A letter in the National Museums Scotland records that John Clark brought this pouch from Little Whale River to Scotland following his retirement from the HBC. It was donated to the museum by his granddaughter some eighty years later.

Though the name of the woman who embroidered the silk flowers, leaves and strawberries has not been recorded, she clearly had considerable artistic talent. The pouch is made of very soft caribou hide and is trimmed with ermine fur and lined with a rich blue silk. The silk thread and lining would have been traded or bought at the HBC store, but she may have trapped the ermine and perhaps also prepared the caribou hide herself.

Small and easily carried, decorative pouches like this were made by Cree women to trade or sell to people from outside their communities, such as missionaries and traders like John Clark. His two wives most likely had the skills to create pieces like this, but it is not known if this pouch was made by one of them.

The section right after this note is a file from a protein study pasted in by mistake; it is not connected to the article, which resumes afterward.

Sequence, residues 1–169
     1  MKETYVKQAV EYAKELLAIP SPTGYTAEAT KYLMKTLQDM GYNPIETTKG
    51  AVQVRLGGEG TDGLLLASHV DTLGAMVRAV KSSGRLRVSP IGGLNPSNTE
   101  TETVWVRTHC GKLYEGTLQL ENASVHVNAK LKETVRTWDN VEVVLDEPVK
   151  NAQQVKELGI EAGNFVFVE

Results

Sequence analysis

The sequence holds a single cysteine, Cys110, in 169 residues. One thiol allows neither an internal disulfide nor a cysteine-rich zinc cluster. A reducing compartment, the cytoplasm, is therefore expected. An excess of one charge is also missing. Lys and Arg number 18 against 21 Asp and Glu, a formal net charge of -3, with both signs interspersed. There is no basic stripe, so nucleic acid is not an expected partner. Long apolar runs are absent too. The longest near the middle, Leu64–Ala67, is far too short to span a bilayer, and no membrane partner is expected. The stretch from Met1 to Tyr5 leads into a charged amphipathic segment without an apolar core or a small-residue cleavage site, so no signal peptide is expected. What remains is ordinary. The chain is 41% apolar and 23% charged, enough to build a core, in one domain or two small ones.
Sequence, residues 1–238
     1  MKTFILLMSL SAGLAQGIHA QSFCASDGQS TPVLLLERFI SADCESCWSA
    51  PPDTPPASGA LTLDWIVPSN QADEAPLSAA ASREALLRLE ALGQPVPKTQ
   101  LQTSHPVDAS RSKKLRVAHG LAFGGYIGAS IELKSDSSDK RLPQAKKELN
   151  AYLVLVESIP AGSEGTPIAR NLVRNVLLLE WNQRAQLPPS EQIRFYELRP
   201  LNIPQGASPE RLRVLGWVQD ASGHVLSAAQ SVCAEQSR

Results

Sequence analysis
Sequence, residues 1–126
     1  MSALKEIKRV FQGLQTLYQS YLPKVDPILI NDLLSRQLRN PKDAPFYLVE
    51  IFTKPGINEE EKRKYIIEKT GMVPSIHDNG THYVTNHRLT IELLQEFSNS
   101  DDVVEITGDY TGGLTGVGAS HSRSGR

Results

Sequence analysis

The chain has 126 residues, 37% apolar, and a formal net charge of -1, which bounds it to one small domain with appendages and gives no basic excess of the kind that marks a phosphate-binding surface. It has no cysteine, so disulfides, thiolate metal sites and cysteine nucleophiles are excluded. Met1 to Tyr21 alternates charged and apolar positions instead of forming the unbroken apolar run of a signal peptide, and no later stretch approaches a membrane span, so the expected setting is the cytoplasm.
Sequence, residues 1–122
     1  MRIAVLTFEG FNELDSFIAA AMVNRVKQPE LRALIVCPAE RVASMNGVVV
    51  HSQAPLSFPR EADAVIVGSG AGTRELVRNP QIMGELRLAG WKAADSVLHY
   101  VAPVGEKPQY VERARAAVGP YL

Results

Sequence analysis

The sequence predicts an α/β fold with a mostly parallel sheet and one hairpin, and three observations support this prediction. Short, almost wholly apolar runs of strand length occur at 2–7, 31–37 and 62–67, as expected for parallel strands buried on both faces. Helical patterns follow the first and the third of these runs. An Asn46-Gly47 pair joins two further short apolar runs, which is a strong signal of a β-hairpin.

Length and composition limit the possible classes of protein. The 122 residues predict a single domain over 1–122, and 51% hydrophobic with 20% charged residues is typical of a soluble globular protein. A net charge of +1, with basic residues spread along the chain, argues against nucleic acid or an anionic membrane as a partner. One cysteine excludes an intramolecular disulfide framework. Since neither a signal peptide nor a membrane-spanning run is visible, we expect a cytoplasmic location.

In its form, this pouch resembles a sporran. It is intriguing to speculate whether in this era, when the Scottish Highlands were popularised by Queen Victoria, the seamstress was inspired to combine Scottish and Cree design elements in its manufacture.

Click the images to zoom in for a more detailed view.

© The Trustees of the National Museums of Scotland A.1968.727

© The Trustees of the National Museums of Scotland A.1968.727

Related Artefacts